When I was young, Thanksgiving was my favorite holiday. It was one of those few occasions when as a young girl I could eat as much as I wanted and nobody judged me or made snide remarks about my weight. I was actually encouraged to “save room for pie!”. The day was my kind of day. It wasn’t that I was a “fat kid”, but there was one time where I was wearing a black and white print shirt and my grandmother said, “don’t wear that shirt ever again- you look like a cow”. The irony was that she was my favorite one in the family and usually never said a mean word to anyone. For her to say that to me must have meant that I REALLY needed to hear that.
Now that I’m a grown man, Thanksgiving has different meanings to me. It’s a day where we actually are all on the same page about life and that gratitude is something that we should not take for granted. It’s still a great time to eat as much as I want without someone telling me to “slow down”. Don’t get me wrong, my wife still has to ask me every year why I need to have a piece of every pie, but that’s only because she doesn’t want to die of a massive heart attack. I love her for that, but I’m still gonna eat all the pie I want.
I miss my mothers stuffing the most (that’s what we Yankees call dressing). She passed a few years back but Thanksgiving always reminds me of her. She would always cook too much and then complain that there was not enough food for everyone. She would wake up at 5 am and start cooking a 16 pound turkey and then when it was time to eat would say “she was too tired to eat”. She would never just cook a turkey. One year she made a turkey, a ham, and a lasagna. I asked her why and she said “she didn’t know what everyone wanted”. I said “mom, its Thanksgiving, we want turkey.” She would take a long drag off her cigarette and say” its too late the lasagna is in the oven”.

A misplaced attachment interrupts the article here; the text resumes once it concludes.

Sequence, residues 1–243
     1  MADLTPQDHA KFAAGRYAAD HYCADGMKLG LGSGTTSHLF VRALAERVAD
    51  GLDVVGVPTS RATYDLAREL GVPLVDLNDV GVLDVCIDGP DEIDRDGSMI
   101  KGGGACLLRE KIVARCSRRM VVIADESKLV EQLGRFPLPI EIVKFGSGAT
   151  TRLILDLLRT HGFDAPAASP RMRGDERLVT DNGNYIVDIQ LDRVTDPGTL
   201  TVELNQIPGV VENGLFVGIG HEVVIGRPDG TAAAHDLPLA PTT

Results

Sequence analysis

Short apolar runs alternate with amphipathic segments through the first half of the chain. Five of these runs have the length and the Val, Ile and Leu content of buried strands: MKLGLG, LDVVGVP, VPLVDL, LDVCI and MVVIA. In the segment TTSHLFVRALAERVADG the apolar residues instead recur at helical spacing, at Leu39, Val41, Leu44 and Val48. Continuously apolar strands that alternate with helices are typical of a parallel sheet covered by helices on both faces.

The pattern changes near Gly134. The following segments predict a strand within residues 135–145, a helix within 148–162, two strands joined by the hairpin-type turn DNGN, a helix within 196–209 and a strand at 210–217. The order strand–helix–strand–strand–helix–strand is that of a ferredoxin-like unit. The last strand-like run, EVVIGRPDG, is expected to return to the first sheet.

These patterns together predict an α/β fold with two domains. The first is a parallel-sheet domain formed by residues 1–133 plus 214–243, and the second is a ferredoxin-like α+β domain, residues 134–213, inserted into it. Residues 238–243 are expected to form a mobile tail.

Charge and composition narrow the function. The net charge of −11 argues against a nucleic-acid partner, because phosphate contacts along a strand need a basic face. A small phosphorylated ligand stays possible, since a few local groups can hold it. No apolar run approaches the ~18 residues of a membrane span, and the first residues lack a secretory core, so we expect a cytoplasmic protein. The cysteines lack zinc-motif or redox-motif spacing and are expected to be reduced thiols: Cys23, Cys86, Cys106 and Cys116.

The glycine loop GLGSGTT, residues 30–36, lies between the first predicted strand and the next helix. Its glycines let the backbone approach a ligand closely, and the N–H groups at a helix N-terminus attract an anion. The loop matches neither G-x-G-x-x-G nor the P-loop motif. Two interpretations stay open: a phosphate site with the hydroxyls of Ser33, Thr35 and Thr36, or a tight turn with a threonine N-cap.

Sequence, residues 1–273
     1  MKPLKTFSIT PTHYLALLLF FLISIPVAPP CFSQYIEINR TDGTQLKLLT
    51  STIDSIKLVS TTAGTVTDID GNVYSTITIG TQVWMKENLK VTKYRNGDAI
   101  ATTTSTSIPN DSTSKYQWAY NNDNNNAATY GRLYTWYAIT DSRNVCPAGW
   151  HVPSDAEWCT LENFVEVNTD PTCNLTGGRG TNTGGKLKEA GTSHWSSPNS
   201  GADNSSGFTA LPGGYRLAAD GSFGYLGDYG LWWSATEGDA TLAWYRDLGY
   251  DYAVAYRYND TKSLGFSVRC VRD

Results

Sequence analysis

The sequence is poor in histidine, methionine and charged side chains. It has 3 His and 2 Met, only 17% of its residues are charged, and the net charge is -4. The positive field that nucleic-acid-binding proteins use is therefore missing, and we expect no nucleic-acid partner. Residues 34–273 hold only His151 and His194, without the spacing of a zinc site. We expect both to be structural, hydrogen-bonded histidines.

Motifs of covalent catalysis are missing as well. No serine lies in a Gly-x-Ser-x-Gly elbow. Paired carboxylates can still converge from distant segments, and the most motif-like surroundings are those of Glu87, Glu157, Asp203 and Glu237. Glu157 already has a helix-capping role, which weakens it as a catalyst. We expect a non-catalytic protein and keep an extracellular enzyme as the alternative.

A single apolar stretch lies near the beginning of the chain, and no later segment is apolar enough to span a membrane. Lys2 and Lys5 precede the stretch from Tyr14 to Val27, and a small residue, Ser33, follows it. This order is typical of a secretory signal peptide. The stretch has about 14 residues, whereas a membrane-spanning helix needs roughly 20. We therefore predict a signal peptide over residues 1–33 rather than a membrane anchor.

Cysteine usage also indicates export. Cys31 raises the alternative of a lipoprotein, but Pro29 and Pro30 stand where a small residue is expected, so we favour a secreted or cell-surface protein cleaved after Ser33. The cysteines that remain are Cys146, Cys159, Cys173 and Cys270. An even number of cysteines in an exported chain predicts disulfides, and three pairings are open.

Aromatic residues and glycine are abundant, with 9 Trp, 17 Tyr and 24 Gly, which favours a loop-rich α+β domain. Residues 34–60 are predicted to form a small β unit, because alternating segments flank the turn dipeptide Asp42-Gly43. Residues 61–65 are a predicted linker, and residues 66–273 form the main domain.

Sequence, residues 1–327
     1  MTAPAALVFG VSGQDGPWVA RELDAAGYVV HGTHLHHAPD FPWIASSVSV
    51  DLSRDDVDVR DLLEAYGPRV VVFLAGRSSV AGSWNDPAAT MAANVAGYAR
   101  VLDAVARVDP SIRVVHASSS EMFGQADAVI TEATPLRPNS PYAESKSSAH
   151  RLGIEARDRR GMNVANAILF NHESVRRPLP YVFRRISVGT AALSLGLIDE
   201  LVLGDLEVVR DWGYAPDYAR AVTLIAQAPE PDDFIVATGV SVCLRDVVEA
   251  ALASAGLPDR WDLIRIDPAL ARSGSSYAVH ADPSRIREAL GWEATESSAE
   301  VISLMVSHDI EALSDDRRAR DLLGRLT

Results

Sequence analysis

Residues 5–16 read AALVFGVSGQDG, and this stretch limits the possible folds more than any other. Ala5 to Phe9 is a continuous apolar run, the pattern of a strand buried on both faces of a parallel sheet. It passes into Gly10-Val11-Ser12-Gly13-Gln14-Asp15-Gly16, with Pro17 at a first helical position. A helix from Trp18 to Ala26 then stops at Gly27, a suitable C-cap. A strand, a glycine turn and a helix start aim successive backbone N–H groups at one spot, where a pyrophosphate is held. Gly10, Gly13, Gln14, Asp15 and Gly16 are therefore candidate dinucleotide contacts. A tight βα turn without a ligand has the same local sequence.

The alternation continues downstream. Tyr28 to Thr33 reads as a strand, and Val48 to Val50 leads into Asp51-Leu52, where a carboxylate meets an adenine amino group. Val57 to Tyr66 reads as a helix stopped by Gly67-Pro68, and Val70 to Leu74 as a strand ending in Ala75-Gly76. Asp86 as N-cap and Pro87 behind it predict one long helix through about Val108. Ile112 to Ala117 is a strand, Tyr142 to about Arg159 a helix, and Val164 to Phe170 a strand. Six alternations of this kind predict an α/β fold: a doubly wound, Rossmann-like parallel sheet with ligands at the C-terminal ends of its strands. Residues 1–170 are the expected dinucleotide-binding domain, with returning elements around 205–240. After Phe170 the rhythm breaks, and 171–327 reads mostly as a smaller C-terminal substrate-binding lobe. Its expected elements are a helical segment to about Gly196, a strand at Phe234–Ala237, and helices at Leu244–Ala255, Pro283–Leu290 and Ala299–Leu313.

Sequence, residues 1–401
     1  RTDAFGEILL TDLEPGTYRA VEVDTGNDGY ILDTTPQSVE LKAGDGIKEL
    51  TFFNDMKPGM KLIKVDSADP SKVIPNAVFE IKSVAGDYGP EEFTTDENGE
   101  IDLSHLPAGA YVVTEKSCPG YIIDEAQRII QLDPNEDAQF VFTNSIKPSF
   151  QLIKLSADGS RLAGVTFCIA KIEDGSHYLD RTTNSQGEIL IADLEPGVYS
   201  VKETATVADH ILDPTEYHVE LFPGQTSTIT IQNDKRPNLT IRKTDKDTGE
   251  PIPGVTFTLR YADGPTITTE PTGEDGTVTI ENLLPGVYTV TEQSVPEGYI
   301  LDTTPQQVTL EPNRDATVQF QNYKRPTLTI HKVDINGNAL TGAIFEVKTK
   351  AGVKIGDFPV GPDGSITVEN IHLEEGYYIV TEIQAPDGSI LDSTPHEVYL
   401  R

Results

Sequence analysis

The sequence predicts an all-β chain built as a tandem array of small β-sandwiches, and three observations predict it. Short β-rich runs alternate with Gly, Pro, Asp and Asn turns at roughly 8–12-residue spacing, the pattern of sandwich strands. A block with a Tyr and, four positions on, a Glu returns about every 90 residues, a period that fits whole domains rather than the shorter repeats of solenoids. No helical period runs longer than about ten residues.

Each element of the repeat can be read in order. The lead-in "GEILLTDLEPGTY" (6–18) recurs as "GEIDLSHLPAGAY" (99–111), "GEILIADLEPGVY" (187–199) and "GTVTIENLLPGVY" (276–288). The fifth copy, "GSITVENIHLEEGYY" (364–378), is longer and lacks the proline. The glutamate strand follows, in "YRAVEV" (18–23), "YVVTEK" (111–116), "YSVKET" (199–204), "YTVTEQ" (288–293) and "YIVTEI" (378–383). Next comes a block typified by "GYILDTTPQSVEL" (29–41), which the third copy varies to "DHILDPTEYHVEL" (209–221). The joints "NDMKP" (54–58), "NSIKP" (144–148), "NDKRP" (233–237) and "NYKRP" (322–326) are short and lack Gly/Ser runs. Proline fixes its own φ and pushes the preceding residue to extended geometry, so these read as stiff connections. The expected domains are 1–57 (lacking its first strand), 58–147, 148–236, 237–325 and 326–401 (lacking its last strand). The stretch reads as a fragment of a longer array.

My grandmother would always make sure there was “color” on her plate which I never understood until many years later. I thought it was some adult code for something I wasn’t supposed to understand. My sister explained to me that it meant “vegetables”. I wonder why she never just said that? My grandfather would bring his “special drink” which was Metaxa. I think the 39% (78 proof) alcohol helped him cope with the demands of having to wait all day until the women fed him. He was not missed after he was gone.
My father had left us when I was 16, so I don’t really remember him at Thanksgiving. The times when I did visit him on the holiday, he would ask everyone at the table if they wanted a roll “with or without”. Of course all the friends who were there for dinner would have no idea what he was talking about and say “with!”. My father then would grab a roll and stick his stubby finger through it and say “here’s your roll WITH a hole in it!” and everyone would laugh. Of course someone would invariable say “what if I said “without?”. He would grab a roll and stick his stubby finger through it and say “here’s your roll WITHOUT the center!”. Everyone would laugh and laugh and tell us they couldn’t wait to do it to their friends next year. I though it was hilarious the first time, and funny the second time, but a little overdone the 3rd and 4th time. I do admit that from time to time I will do it to an unsuspecting friend, but it really doesn’t go over as well as it did with my father. He’s 74 now, so that’ s a lot of fingers through a lot of rolls.
On this Thanksgiving, our grown children are learning the recipes from our childhood so that maybe next year they will cook for us. We will all say how grateful we are to be together, and I will make sure there is plenty of color on my plate. This will make my wife happy. There will be no ham, and no lasagna, but plenty of rolls.
I will make sure that they are “without” so I have room for pie.